“Secondly, if there is a problem and houses are overvalued, then the market will sort it out.”

                Seriously KK, the market has completely failed to do this. Do you not see that?

                • King Kong

                  No it hasn’t.

                  The market will correct an over valuation but what it is telling you right now is that people are lining up in droves to hit the bid, so it is not over valued.

                  • vto

                    Show us the money kk

                    Where is the supply of affordable housing to meet the demand for affordable housing?

                    • King Kong

                      I suggest you contact Bomber Bradbury if you need a real estate agent however I will give you a clue…its not quarter acre sections in central Auckland.

                    • vto

                      no answer

                    • Colonial Viper

                      KK’s answer is “trust in the free markets”

                      What a dickwad

                    • King Kong

                      Certainly better than your solution of “trust in me and my benevolent lefty mates to dictate this shit”.

                    • vto

                      What, you mean like the original state housing scheme? That government failure?

                      And you still haven’t provided any evidence to back up your own assertion. Waiting …..

              • ghostrider888

                you forgot the golf-course and petting zoo.

              • Draco T Bastard

                Secondly, if there is a problem and houses are overvalued, then the market will sort it out.

                Something that the market has failed to do for at least two centuries.

          • BM 3.2.1.1.2

            Yep
            According to the 2006 census, over 1.5 million people in NZ own or partly own their own house.
            That’s a hell of a lot of voters to piss off.

            • Colonial Viper 3.2.1.1.2.1

              Well you’ve captured the problem in a nutshell right there. Both Labour and National Govts have it in their short and medium term electoral interests to keep blowing the house price bubble up and up and up. Until the ‘pop’ is loud enough to shatter everyone’s eardrums.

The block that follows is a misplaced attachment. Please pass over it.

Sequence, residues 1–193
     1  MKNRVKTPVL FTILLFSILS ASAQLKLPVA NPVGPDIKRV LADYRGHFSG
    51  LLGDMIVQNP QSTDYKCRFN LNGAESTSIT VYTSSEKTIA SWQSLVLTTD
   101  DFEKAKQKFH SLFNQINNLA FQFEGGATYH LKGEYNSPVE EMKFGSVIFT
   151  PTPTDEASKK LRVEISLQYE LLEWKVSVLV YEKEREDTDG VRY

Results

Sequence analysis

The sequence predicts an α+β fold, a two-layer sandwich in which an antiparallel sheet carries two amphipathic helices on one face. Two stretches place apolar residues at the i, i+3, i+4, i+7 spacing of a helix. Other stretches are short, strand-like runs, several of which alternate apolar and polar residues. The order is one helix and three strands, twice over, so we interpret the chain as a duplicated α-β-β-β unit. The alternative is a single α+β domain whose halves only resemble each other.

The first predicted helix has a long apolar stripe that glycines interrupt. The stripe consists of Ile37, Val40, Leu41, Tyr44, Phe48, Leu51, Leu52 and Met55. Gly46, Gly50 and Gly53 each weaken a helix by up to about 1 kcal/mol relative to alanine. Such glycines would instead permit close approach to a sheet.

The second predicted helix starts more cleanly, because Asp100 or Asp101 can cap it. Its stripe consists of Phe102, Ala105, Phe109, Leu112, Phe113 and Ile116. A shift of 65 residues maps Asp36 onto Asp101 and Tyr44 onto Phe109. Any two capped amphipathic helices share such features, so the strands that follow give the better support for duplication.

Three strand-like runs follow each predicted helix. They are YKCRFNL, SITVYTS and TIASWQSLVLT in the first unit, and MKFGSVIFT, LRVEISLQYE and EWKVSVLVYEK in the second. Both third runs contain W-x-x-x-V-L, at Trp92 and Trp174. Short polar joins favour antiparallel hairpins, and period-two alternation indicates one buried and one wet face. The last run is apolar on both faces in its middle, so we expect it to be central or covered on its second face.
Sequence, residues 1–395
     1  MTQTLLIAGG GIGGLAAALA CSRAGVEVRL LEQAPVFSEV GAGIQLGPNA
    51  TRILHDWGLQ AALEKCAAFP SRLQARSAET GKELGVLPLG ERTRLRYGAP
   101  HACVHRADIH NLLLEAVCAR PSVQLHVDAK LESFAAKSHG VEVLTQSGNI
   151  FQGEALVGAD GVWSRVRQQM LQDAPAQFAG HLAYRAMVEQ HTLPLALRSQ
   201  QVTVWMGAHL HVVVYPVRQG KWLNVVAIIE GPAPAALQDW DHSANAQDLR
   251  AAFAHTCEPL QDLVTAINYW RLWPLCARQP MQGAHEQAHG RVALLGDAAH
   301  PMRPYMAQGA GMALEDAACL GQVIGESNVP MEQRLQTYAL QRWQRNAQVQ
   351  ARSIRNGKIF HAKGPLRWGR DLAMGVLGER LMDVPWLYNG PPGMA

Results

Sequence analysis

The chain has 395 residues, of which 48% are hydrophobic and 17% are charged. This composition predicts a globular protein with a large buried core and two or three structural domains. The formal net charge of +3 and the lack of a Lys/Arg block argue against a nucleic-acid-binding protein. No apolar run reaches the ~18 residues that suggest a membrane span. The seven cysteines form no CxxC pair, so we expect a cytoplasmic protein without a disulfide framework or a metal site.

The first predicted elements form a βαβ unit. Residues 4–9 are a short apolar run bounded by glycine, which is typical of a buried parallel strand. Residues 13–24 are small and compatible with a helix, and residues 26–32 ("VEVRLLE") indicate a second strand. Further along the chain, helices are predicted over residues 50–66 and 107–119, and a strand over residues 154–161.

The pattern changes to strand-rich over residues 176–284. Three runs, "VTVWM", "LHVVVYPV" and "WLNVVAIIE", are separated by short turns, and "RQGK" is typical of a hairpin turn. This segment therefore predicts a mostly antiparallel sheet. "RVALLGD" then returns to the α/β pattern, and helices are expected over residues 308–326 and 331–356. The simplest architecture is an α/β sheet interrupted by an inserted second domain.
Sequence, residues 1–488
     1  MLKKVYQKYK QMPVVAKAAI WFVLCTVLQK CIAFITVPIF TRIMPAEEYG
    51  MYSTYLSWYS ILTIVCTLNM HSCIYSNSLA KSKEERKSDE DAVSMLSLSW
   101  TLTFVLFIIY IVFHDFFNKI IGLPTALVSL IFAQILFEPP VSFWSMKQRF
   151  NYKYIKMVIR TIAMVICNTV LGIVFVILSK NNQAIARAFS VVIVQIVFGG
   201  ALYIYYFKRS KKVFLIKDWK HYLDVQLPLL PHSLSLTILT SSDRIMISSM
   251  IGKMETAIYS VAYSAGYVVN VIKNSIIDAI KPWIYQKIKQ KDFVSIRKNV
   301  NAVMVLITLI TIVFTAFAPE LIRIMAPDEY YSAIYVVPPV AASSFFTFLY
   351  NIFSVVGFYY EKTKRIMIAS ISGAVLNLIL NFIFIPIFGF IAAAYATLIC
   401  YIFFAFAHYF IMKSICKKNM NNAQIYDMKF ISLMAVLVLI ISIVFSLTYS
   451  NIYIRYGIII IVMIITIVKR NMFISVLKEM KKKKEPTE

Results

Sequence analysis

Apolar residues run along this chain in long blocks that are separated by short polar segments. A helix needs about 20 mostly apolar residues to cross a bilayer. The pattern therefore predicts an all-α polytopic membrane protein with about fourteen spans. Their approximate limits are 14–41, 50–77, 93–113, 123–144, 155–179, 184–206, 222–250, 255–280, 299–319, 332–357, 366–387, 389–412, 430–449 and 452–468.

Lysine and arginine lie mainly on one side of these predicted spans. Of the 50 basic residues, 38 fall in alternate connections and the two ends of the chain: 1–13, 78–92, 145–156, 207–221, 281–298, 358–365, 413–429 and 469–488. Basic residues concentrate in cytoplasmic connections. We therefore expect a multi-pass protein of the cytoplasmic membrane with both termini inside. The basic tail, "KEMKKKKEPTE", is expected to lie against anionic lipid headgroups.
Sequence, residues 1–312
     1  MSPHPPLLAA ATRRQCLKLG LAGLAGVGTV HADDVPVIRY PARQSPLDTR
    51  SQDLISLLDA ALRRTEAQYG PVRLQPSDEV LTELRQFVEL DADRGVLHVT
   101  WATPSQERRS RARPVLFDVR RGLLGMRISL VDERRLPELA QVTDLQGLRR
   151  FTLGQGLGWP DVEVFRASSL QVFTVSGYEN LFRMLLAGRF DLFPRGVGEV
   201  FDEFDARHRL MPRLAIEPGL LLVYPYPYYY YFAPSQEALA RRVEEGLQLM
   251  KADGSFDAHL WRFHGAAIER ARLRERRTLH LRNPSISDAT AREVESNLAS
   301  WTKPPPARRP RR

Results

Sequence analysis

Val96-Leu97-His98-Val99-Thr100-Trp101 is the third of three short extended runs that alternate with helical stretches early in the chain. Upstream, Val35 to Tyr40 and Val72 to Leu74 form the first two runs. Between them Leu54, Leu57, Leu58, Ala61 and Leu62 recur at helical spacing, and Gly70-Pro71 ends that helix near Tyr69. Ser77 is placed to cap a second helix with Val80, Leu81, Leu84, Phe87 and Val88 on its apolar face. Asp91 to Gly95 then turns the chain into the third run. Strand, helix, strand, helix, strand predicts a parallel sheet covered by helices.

• BM

                House prices can be brought down all you do is increase supply and you achieve that freeing up land cutting consent costs etc and then getting out of the way
                It has to be done without direct government intervention, let the market sought its self out and within a few years you’ll find prices starting to tail off.

                The aim should be getting as many spec builders as possible jumping into the market and flooding it with houses.
                Greed and stupidity will sink house prices not government intervention

                • Colonial Viper

                  Sadly, your method is designed to fail from the start, and to perpetuate unearned income gains by property and property development speculators.

                  1) Changes made to make it clear that housing is not an investment asset as there will be no real price growth in houses going forwards.

                  2) Private retail bank lending to be heavily constrained.

                  3) Population growth in Auckland to be discouraged and shifted out to secondary centres like Hamilton.

                  4) Speculative non occupier demand for houses to be crushed.

                  • BM

                    I disagree.
                    You seem to think we live in a dictatorship where no one gets to vote.
                    Any government that tried to put in place the policies you are proposing would be lucky to survive to the next election.